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Source: Etu Union

Yesterday’s aged care funding boost announced to deal with COVID-19 will be a band aid solution unless safe staffing and comprehensive regulation are a part of the solution.

It is unclear what outcomes the Ministry of Health expect from the funding boost. The additional $26 million for residential aged care providers is part of the Government’s COVID-19 response after many on-going issues have become urgent in aged care following a series of resident deaths. These issues include understaffing and inadequate provision of personal protective equipment (PPE).

E tū member and residential aged care worker, Mary (not her real name), is really worried about the staffing levels at her facility.

“I do my best to care for them properly – my residents are an extension of my family. I’ve been caring for them for years. I have worked as a caregiver for nine years and over that time you get to really know and care for the residents,” Mary says.

“It is hard now to realise they are most at risk and that we may see some of them die as a result of COVID-19. Their families have entrusted them to us because they believe they will be in safe hands, but we don’t always have the staff numbers or safety processes to keep them safe.

“A number of staff have two jobs, and some have left my workplace entirely because they are paid and treated better during COVID-19 at a different job. This has left us short staffed. I completed 12-hour nightshift the another day because they were short staffed, but I can’t keep doing that.

Mary says the PPE issues need to be sorted immediately.

“PPE needs to be available and to be easily accessible – we deserve to feel safe at work. We need to feel safe and know we are able to keep residents we care for safe as well.”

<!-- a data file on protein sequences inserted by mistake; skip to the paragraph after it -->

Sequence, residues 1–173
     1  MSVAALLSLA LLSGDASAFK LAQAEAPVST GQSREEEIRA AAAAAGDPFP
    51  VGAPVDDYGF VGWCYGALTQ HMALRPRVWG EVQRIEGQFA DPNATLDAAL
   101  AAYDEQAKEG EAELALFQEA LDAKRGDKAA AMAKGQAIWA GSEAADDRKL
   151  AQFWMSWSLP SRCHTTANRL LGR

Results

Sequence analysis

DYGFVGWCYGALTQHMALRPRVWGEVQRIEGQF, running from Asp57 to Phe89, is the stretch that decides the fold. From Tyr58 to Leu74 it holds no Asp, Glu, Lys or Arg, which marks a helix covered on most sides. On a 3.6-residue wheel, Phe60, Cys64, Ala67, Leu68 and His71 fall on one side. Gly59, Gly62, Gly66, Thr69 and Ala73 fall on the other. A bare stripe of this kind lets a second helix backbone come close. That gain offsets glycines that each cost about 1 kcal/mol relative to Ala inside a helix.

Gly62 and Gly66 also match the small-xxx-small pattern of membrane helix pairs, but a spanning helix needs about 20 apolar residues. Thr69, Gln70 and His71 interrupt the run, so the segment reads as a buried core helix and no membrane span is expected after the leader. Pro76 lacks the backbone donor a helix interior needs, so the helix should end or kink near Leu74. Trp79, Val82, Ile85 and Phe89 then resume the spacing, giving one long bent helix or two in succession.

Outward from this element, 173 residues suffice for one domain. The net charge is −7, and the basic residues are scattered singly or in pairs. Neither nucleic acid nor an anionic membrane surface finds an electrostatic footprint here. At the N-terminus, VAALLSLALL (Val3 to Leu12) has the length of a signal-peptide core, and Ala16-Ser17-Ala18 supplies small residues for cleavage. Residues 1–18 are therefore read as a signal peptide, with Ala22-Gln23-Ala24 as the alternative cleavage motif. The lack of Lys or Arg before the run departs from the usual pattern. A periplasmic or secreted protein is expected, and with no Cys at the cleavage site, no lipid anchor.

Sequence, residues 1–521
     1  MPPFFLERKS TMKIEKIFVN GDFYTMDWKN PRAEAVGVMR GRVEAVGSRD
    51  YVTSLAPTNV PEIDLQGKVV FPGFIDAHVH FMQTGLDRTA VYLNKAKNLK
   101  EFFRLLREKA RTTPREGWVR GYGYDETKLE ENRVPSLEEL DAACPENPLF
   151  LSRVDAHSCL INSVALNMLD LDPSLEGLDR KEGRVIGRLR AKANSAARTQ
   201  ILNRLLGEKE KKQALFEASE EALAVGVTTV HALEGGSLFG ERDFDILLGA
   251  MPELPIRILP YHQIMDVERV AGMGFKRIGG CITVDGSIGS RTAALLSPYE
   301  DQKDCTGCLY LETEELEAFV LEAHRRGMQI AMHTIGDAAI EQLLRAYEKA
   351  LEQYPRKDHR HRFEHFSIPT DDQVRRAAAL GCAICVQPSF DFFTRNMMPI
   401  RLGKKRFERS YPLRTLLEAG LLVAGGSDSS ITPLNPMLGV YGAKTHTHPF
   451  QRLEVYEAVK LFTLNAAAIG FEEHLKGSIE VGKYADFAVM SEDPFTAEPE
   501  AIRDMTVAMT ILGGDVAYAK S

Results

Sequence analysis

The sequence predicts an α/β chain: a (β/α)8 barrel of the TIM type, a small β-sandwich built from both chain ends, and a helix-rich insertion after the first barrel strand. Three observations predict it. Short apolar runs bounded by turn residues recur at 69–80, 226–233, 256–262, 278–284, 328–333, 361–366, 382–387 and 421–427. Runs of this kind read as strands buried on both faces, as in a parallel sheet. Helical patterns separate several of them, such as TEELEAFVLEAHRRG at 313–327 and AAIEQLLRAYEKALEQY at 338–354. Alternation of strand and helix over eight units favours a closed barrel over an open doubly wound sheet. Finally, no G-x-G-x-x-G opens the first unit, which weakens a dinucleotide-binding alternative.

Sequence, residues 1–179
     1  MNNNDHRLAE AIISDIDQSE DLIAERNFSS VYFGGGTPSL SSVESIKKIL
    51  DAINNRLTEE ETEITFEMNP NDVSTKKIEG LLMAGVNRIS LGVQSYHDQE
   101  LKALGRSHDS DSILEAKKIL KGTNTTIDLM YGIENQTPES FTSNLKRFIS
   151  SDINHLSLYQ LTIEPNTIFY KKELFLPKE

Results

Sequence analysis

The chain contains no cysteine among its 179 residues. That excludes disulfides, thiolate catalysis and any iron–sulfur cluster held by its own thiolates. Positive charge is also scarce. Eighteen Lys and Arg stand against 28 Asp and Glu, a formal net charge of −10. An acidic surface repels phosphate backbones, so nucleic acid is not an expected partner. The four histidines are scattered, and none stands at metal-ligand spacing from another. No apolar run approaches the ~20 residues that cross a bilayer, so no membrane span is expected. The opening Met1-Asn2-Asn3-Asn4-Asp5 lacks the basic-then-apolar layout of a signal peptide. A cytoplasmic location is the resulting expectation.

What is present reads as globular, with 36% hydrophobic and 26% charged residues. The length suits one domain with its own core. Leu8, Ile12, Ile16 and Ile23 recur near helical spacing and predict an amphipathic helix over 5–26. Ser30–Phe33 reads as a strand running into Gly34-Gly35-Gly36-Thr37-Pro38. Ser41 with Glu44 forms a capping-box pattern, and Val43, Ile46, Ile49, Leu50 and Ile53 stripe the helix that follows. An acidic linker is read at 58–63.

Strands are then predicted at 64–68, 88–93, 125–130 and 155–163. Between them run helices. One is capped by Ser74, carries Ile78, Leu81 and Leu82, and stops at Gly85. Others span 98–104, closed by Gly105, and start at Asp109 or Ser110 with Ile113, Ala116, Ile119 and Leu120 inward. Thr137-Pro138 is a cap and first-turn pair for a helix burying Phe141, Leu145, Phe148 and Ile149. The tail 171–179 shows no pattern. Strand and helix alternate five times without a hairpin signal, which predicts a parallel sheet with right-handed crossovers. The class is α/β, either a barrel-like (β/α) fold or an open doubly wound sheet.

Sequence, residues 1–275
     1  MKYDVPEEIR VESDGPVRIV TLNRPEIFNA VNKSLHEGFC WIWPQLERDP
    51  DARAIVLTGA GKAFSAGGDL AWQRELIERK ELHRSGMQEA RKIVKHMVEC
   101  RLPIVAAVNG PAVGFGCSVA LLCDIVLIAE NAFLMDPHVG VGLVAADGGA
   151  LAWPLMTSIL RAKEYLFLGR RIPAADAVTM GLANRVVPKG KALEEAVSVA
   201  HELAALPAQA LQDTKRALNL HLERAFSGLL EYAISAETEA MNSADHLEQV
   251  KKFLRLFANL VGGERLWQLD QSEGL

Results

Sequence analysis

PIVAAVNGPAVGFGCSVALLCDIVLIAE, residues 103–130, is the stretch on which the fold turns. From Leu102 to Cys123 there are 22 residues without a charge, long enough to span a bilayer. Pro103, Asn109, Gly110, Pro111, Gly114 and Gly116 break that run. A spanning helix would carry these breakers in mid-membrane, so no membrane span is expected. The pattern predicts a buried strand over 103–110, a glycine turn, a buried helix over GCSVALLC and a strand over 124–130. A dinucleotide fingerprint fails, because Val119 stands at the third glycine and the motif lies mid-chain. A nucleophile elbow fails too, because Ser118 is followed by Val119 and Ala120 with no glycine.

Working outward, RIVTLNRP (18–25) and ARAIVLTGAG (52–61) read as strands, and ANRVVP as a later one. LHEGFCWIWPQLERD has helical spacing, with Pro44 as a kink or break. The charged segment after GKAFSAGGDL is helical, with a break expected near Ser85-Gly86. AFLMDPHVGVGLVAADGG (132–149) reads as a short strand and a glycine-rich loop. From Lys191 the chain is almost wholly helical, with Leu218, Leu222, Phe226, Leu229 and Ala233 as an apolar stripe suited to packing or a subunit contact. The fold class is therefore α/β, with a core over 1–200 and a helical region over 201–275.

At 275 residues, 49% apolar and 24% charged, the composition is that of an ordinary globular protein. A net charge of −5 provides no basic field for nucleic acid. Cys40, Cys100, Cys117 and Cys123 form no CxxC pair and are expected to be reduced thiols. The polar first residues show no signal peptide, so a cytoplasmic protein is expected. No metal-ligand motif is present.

E tū Director Sam Jones says the problems have been getting worse over time.

“In the last 10 – 15 years it’s become particularly bad,” Sam says.

“Chief amongst these problems is that staffing guidelines are not adequate in the sector. The only direction to providers are voluntary guidelines last issued in 2005 and the absolute minimums specified in the provider contracts with the DHBs and are long overdue for updating.

“Cleaning, laundry, and kitchen staff for example, remain on close to minimum wage levels for the important role they play in ensuring the safety and care outcomes in these facilities. Members can see that deaths of those they care for could be one of the consequences of years of understaffing and underfunding.”

Many of the issues were well documented in the 2019 report ‘In Safe Hands?’.

Union members are quoted in that report, pointing out the long-standing issues.

“Staff feel like they are providing a below par service. We work extra time for free and go home exhausted, some days crying as we didn’t manage to do everything,” one worker reported.

E tū is calling for:

  • the Ministry of Health PPE guidelines to be updated and clarified now with adequate supply to the workers.
  • an acknowledgement of the long-standing issues by the Government.
  • inspections and DHB audits of aged care facilities that include full worker participation.
  • a full enquiry into staffing beyond COVID-19 to ensure mandatory safe staffing. This could be done by expanding the scope of the Ombudsmen’s pending investigation into secure facilities.

ENDS

For more info and comment:
Sam Jones, 027 544 8563

MIL OSI